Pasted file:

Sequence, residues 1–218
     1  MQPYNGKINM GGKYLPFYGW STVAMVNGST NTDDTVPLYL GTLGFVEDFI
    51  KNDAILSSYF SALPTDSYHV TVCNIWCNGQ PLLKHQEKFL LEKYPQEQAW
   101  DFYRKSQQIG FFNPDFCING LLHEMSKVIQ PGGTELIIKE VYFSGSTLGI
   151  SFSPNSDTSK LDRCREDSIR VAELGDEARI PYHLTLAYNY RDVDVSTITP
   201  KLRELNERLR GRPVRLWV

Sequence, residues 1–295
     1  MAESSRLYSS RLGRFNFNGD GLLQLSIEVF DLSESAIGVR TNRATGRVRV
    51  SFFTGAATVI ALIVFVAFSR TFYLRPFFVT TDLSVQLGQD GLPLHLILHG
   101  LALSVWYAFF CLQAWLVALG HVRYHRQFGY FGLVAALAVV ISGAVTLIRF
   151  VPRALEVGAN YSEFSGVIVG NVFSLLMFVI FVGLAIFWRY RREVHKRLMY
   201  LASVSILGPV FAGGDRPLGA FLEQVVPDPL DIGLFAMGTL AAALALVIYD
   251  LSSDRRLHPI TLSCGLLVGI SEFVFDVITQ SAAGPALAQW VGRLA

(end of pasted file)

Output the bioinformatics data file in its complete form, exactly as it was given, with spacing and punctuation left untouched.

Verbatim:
Sequence, residues 1–218
     1  MQPYNGKINM GGKYLPFYGW STVAMVNGST NTDDTVPLYL GTLGFVEDFI
    51  KNDAILSSYF SALPTDSYHV TVCNIWCNGQ PLLKHQEKFL LEKYPQEQAW
   101  DFYRKSQQIG FFNPDFCING LLHEMSKVIQ PGGTELIIKE VYFSGSTLGI
   151  SFSPNSDTSK LDRCREDSIR VAELGDEARI PYHLTLAYNY RDVDVSTITP
   201  KLRELNERLR GRPVRLWV

Sequence, residues 1–295
     1  MAESSRLYSS RLGRFNFNGD GLLQLSIEVF DLSESAIGVR TNRATGRVRV
    51  SFFTGAATVI ALIVFVAFSR TFYLRPFFVT TDLSVQLGQD GLPLHLILHG
   101  LALSVWYAFF CLQAWLVALG HVRYHRQFGY FGLVAALAVV ISGAVTLIRF
   151  VPRALEVGAN YSEFSGVIVG NVFSLLMFVI FVGLAIFWRY RREVHKRLMY
   201  LASVSILGPV FAGGDRPLGA FLEQVVPDPL DIGLFAMGTL AAALALVIYD
   251  LSSDRRLHPI TLSCGLLVGI SEFVFDVITQ SAAGPALAQW VGRLA